Capital Punishment: New Delhi’s Deadly Smog

Recent Features

Magazine | Environment | South Asia

Capital Punishment: New Delhi’s Deadly Smog

Unprecedented pollution in the capital speaks to the severity of India’s air pollution crisis. 

Capital Punishment: New Delhi’s Deadly Smog
Credit: Adnan Abidi, Reuters

NEW DELHI – On October 31, New Delhi woke up to find it had become a gas chamber.

The celebratory week of Diwali had ended and despite a 20 percent drop in firecracker sales, toxic pollutants hung heavy in the air, leading to the worst smog in the last 17 years. Several media reports compared the Delhi pollution with the infamous London smog.

The Great London Smog of 1952 lasted for five days. Government medical reports estimated that 4,000 people died as a direct result of the smog and 100,000 more fell ill due to the smog’s effects.

In New Delhi, however, when it was perhaps appropriate to conduct government surveys about the health impact of the smog, locals, including members of medical bodies and health workers, were forced to queue up in front of banks and ATMs because the government had demonetized the two most-circulated banknotes in India.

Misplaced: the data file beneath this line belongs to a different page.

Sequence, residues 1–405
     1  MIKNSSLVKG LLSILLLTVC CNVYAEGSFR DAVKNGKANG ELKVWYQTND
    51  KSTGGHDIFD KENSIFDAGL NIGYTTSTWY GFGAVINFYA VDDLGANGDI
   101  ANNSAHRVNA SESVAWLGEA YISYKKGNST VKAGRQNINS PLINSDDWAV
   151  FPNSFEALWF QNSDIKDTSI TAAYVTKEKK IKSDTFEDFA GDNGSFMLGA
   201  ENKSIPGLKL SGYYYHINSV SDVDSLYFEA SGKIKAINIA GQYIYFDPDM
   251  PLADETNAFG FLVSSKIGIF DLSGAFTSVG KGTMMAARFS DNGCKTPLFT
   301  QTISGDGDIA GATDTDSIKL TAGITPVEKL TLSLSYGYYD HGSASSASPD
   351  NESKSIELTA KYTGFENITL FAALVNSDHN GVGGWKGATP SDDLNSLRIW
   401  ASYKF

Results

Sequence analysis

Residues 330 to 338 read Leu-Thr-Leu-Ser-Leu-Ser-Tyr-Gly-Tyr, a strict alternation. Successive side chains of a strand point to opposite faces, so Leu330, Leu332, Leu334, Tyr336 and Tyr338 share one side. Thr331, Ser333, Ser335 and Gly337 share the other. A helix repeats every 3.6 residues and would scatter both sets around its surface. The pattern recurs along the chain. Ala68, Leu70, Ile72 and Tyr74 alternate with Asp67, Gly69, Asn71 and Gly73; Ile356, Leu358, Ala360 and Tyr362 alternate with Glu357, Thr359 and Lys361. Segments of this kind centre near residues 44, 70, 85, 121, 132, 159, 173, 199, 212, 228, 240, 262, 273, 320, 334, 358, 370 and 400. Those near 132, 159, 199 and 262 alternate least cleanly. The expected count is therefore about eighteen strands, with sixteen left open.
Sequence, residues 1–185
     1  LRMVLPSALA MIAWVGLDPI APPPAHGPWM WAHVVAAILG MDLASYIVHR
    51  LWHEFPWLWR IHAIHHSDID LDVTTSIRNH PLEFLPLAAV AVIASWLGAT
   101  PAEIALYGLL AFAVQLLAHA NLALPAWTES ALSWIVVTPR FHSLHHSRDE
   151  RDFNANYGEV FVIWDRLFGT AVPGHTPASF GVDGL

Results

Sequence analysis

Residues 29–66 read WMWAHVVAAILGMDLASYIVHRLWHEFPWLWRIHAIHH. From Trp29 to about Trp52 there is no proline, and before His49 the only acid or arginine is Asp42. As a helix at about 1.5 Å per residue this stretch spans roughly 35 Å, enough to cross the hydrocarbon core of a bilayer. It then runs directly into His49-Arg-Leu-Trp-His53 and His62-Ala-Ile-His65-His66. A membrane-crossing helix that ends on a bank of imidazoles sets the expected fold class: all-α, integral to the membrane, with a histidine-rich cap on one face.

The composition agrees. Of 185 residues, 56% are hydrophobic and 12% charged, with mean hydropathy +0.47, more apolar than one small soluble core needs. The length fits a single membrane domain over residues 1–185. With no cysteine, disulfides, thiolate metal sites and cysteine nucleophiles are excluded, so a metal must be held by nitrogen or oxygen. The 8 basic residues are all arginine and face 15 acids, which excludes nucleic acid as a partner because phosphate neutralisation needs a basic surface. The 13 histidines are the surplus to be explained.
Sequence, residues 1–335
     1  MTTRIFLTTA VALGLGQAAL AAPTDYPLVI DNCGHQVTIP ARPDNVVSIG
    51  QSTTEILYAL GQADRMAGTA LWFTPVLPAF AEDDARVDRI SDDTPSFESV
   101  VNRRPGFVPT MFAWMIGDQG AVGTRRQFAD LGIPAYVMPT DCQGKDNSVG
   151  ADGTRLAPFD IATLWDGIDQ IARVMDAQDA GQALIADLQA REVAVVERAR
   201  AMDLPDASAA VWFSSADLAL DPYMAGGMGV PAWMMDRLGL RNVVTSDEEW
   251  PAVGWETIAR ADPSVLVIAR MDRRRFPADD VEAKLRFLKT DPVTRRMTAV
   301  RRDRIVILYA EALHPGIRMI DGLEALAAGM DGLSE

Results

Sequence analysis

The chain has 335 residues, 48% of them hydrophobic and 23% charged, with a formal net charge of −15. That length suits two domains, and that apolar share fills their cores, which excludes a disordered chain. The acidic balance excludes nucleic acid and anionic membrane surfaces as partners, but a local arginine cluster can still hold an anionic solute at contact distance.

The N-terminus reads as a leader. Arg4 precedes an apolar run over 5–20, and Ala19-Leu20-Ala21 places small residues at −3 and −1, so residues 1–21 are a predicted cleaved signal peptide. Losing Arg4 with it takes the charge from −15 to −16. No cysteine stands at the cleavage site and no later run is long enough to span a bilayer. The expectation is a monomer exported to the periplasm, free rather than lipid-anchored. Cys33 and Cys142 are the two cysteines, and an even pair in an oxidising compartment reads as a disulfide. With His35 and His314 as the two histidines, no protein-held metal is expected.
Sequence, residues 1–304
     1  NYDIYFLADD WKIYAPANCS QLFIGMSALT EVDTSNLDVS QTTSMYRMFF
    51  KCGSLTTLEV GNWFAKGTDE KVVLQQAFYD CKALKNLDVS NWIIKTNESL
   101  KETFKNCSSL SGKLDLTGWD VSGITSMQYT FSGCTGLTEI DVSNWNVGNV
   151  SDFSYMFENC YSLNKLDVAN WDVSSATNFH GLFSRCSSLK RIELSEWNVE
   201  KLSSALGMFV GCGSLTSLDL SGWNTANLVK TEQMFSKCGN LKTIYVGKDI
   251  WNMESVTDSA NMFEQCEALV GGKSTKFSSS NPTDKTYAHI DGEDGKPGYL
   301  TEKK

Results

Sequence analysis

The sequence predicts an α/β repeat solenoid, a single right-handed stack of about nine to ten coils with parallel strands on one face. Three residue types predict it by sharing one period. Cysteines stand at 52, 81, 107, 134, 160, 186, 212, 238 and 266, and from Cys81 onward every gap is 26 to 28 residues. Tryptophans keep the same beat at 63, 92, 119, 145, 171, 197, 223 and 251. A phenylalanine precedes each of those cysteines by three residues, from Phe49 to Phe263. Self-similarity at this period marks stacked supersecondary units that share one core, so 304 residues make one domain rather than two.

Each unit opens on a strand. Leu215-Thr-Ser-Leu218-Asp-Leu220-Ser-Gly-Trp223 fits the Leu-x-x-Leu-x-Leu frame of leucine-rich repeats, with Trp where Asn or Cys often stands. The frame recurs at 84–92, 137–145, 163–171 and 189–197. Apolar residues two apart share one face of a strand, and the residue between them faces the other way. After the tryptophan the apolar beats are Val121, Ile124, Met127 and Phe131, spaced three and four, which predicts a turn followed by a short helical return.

Standing in long queues for an average of six hours, everybody forgot about the smog that lasted in Delhi for about five days, stinging the eyes and irritating the respiratory tracts of almost the entire population of 18.6 million, multiple times the population of London in 1952.

The worst came when the air pollution levels spiked post-Diwali on November 2, due to weather conditions over the region. Two days after Diwali night, pollution levels reached alarming heights, with PM10 levels reaching a massive 999, more than 10 times higher than the permissible limit.

The Indian Meteorological Department termed this the worst smog in 17 years. The Indira Gandhi International Airport in Delhi recorded the worst levels of smog on November 2, with visibility as low as 300-400 meters.


New Delhi became a smokehouse with a thick veil of smog over it for five continuous days, imperiling the health of the residents who had too little time to react and too little information to brace against the catastrophe.